Gary Sinise, Hal Holbrook Keep Holocaust Memory Alive

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Hal Holbrook, Doris Kearns Goodwin and Gary Sinise

The U.S. Holocaust Memorial Museum’s annual dinner featured a special message from Morgan Freeman and honored Dr. Michael Berenbaum.

It was a night of remembrance for Holocaust victims, survivors and supporters at the Beverly Hilton on Monday night. The U.S. Holocaust Memorial Museum’s annual dinner honored Dr. Michael Berenbaum, one of the key figures in creating the museum and preserving its vast collection of Holocaust evidence.

Actor Hal Holbrook introduced keynote speaker Doris Kearns Goodwin, whose New York Times best-selling books have served as source material for some of Holbrook's films, including Lincoln and All the President’s Men. Holbrook expressed that with significant events such as the Holocaust, it’s important to know the facts instead of learning based off other’s opinions.

“What you can learn by reading history is an awful lot more than you can learn by turning on the social network and getting somebody’s wonderful opinion they just thought up, dropped on the social network and gone off to watch a basketball game,” Holbrook told The Hollywood Reporter. “We have so many opinions going on these days that nobody knows which way to turn. It’s dangerous not to sit down and read history.”

The evening included a video message from honorary chair Morgan Freeman and a pledge to the future from the original Freedom Writers. Forrest Gump actor Gary Sinise shared the story of liberator Daniel Gillespie, a U.S. Army soldier who rescued survivors from the Dachau concentration camp, including Joshua Kaufman, who attended the dinner with Gillespie that night.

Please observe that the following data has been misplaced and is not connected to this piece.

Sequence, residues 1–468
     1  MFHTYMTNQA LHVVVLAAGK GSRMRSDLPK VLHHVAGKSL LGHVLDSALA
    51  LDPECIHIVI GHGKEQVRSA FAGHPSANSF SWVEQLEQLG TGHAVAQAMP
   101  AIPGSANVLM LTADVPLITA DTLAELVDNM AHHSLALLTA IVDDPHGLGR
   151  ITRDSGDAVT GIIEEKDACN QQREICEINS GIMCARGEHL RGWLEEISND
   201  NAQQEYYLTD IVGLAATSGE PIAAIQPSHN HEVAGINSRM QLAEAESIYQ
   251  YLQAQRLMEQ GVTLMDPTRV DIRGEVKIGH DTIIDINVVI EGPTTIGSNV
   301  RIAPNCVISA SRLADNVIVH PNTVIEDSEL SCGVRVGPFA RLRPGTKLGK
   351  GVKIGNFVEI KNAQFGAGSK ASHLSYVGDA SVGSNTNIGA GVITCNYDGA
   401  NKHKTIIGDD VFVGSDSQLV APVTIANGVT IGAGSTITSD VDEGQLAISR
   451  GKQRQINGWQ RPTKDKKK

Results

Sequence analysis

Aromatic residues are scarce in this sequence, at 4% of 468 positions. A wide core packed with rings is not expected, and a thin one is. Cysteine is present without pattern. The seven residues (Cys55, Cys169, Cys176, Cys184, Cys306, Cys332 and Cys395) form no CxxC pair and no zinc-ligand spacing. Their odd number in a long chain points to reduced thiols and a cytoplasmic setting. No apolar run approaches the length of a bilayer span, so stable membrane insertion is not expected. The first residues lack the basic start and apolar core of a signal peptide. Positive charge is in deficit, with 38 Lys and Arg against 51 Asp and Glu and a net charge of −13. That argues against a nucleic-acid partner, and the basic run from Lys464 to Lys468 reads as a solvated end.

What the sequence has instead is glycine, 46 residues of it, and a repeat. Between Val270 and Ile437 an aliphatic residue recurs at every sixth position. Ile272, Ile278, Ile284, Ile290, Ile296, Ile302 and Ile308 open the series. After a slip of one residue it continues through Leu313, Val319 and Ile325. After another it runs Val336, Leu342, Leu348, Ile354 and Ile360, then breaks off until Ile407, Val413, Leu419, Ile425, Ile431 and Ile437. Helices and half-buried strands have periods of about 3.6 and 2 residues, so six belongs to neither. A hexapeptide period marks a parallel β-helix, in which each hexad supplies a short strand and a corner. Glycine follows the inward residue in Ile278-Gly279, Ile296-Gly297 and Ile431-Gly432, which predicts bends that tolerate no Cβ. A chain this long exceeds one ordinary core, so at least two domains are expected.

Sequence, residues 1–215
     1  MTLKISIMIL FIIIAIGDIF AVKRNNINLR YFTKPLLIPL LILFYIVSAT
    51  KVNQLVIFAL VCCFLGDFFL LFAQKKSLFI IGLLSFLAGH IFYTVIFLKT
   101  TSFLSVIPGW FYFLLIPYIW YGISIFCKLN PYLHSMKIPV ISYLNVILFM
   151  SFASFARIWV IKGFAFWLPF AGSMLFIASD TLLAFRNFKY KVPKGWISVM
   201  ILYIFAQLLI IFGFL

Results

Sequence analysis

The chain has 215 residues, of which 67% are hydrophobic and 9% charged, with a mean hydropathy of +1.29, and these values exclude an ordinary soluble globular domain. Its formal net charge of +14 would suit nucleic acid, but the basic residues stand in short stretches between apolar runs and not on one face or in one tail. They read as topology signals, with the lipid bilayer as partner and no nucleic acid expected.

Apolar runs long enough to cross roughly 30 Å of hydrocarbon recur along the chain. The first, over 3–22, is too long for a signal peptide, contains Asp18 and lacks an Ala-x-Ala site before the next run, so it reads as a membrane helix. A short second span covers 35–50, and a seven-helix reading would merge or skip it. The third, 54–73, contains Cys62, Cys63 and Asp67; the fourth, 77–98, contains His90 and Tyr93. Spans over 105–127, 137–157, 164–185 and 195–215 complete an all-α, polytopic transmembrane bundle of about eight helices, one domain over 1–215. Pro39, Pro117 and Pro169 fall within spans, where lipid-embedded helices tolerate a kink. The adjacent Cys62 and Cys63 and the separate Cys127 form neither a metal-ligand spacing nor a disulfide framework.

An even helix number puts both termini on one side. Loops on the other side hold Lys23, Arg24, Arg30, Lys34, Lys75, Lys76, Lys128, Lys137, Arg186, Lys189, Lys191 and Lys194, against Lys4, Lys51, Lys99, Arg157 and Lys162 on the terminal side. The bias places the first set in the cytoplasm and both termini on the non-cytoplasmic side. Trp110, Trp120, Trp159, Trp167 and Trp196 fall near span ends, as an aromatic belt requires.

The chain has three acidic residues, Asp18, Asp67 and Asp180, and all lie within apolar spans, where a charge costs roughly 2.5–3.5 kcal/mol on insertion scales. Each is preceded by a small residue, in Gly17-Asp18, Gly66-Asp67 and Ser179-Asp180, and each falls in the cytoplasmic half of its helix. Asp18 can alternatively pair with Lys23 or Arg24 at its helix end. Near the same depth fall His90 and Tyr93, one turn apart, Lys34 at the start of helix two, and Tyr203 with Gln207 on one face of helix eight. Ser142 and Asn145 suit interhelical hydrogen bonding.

“I’ve had times where people say you’re a hero,” said Gillespie. “All I ever usually did was just do my job with a feeling that I might be accomplishing something great in terms of people like this guy [Kaufman].“

Dr. Berenbaum, a writer and professor at American Jewish University, received the National Leadership Award that was previously awarded to Sir Ben Kingsley. Dr. Berenbaum was appointed by the White House to oversee creation of the U.S. Holocaust Museum and later was called upon by Steven Spielberg to head the USC Shoah Foundation.

“I learned about the Holocaust in silence from its original survivors during the years in which they were adjusting to America,” said Berenbaum. “It became my privilege in life, maybe even my destiny, to take what I learned in silence and to put it into words and imagery and to communicate it to the American people and to the world.”

Liam Neeson and Kingsley also serve as honorary chairs of the organization. Proceeds from the evening go towards the museum’s $540 million comprehensive campaign, which includes the establishment of a new Collections and Conservation center.